I am going to safely assume the answer is no.
However, if you are sitting in a bathroom stall in the ISC bathroom trying to regulate your breathing because it feels like your heart decided to immigrate up to your brain and is poorly received by your skull; you might have a clinical anxiety disorder.
There is a difference between the fluttery butterflies feeling of knowing that your volleyball state finals are tonight –and you are most definitely going to find a way to set the ball backward— and the feeling of impending doom that rakes your entire body for reasons you may not fully understand.
Panic disorder is spontaneous feelings of terror or impending doom. Panic attacks are not that one drama queen in your class claiming that she is stressing so much over the math quiz she swears she’s “boutta have a panic attack.” Physical symptoms include chest pain, shortness of breath, feelings of terror, and heart palpitations. The onslaught could occur at any moment without triggers.
If panic attacks persist for long terms, your brain will begin to release stress hormones on a regular basis. Headaches, depression, and dizziness’ frequency will increase as a result.
When the deadline for your Macroeconomics project is fast approaching and you still haven’t begun because Season 3 of Big Mouth came out — honestly teachers should know better by now not to mess with our Netflix schedules — you are going to feel that stress. When you are stressed or anxious about something, your nervous system, via your brains command, will flood with hormones and chemicals that exist to help you handle potential threats. Your body, being the smartly designed piece of machinery that it is, knows to return to normal functions after the threat has passed. But if you are continuously anxious and stressed for long periods of time, your body will not stop releasing those hormones. This being said, long-term exposure to your little stress-warriors could cause weight gain, muscle tension, depression, social isolation, insomnia, headaches, and much more.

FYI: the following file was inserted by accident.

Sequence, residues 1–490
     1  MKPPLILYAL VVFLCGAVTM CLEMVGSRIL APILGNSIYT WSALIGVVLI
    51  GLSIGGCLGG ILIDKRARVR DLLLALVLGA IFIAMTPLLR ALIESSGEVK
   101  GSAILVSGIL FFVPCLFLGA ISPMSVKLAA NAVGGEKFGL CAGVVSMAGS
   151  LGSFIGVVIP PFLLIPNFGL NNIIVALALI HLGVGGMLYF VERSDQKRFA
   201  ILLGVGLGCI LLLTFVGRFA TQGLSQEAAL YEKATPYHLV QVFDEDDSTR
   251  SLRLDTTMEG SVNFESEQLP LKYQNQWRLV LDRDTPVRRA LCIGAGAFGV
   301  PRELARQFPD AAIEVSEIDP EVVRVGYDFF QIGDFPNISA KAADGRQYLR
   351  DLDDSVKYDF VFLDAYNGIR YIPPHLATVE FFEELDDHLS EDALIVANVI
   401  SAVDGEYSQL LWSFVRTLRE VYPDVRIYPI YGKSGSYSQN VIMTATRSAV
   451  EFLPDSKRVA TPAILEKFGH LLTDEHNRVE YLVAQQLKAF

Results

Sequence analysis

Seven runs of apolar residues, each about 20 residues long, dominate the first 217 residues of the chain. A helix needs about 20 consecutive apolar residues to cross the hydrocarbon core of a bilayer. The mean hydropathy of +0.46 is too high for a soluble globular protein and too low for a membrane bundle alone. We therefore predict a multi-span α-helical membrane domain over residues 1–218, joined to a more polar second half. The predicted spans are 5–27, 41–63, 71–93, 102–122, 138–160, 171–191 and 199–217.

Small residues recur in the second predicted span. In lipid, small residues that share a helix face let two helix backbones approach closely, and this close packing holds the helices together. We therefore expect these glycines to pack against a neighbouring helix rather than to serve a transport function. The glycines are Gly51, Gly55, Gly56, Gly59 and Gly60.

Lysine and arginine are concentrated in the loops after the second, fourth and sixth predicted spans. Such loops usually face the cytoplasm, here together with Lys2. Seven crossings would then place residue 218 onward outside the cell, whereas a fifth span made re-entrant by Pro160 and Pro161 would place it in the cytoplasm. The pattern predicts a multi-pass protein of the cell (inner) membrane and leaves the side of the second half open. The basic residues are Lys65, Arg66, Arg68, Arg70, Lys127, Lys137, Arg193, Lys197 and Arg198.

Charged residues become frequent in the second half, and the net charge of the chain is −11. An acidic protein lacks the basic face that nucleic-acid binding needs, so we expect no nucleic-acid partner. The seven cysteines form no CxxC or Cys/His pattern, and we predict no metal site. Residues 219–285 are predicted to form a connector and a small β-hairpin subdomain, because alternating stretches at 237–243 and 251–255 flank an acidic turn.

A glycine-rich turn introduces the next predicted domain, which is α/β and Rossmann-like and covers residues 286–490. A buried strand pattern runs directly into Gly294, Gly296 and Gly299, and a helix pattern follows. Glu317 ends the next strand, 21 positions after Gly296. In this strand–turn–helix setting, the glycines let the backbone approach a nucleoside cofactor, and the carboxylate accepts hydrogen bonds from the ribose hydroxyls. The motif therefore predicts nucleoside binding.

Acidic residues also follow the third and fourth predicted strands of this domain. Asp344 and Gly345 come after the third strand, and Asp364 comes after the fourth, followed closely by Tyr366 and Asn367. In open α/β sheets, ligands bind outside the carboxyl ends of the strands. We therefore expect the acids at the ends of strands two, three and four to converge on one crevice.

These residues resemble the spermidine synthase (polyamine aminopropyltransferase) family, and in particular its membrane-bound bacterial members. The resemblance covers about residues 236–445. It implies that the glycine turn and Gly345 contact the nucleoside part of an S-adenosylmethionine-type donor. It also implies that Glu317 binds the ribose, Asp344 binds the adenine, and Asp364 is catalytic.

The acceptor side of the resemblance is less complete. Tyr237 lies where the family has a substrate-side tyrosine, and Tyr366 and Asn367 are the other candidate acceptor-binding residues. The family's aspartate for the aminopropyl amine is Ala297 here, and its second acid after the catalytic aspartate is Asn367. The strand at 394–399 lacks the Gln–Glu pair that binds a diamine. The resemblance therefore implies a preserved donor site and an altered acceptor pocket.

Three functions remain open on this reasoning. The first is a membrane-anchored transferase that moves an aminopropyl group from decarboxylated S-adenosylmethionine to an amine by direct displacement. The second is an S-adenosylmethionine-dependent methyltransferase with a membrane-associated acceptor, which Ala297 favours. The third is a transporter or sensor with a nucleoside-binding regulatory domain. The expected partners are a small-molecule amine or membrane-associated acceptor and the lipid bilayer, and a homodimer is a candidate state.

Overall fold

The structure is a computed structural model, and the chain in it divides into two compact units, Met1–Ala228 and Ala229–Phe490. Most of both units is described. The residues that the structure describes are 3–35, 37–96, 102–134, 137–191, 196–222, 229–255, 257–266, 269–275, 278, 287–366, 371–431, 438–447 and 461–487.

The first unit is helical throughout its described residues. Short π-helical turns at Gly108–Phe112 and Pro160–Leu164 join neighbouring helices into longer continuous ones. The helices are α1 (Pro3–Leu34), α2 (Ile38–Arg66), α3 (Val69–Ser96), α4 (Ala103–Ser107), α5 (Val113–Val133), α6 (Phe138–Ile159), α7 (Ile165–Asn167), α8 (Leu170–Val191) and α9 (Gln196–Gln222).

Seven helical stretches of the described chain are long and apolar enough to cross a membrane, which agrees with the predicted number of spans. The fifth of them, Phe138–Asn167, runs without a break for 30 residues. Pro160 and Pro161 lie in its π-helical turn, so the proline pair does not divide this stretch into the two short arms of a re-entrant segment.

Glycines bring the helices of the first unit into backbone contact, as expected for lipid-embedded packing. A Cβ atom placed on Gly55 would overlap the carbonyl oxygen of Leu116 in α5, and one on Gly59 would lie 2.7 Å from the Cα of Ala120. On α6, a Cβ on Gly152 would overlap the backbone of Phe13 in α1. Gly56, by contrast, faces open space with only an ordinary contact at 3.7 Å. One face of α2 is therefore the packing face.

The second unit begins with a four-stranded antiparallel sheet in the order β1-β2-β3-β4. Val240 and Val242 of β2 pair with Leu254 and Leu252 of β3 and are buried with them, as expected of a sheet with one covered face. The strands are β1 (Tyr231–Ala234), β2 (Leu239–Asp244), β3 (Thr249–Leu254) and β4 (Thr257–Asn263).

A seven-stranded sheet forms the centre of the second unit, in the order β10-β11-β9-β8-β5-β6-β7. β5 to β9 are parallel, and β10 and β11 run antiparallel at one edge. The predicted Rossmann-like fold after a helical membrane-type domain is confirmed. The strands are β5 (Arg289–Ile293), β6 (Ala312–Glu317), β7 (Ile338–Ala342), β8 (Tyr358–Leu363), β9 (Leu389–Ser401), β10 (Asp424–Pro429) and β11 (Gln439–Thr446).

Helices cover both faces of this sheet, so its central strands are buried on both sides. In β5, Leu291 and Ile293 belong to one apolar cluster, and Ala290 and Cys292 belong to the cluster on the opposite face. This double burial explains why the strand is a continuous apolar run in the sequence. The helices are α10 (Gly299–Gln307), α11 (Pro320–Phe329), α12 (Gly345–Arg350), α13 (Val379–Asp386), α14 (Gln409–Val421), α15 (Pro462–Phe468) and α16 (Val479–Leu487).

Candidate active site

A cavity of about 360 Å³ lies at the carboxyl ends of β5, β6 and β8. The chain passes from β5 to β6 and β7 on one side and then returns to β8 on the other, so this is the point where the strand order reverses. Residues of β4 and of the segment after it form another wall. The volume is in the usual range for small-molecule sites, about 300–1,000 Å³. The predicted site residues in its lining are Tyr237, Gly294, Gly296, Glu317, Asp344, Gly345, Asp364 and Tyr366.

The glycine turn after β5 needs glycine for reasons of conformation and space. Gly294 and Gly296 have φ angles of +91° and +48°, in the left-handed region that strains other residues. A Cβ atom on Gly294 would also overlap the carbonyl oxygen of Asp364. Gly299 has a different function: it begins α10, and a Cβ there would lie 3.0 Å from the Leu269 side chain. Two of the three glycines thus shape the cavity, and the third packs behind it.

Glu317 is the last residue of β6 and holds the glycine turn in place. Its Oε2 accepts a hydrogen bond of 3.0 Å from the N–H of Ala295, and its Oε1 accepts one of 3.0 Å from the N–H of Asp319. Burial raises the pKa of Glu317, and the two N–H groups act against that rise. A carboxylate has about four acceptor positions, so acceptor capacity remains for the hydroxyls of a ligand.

Anxiety can be hard to deal with because it feels so important you know what that stranger walking by you was thinking when they gave you a funny look. You feel like the put-off look in his eyes will haunt you till your grave. What should you do? Talk to someone. Write about it. Track the guy down on instagram and persistently pester him until he remembers you (“What do you mean ‘who are you?’ I’m the girl you made eye contact with on Main Street 4 weeks ago! Was there kale in my teeth? Tell me gosh-darn-it!”).
Remember what I said about ranking the probability 1-5. Right out of author Sarah Knights playbook: Category 1 is highly unlikely, 5 is inevitable. Ranking it can help you stop obsessing over the probability of the kid who sits next to you in Econ hating your guts even though you’ve never spoken.
Small tips and tricks like that will help you manage the persistent worrying you can’t seem to shake. But seriously, if that dog wont stop barking, there’s only so many yaps you can take before your brain explodes, so talk to a doctor if you can’t seem to get a handle on the anxiety.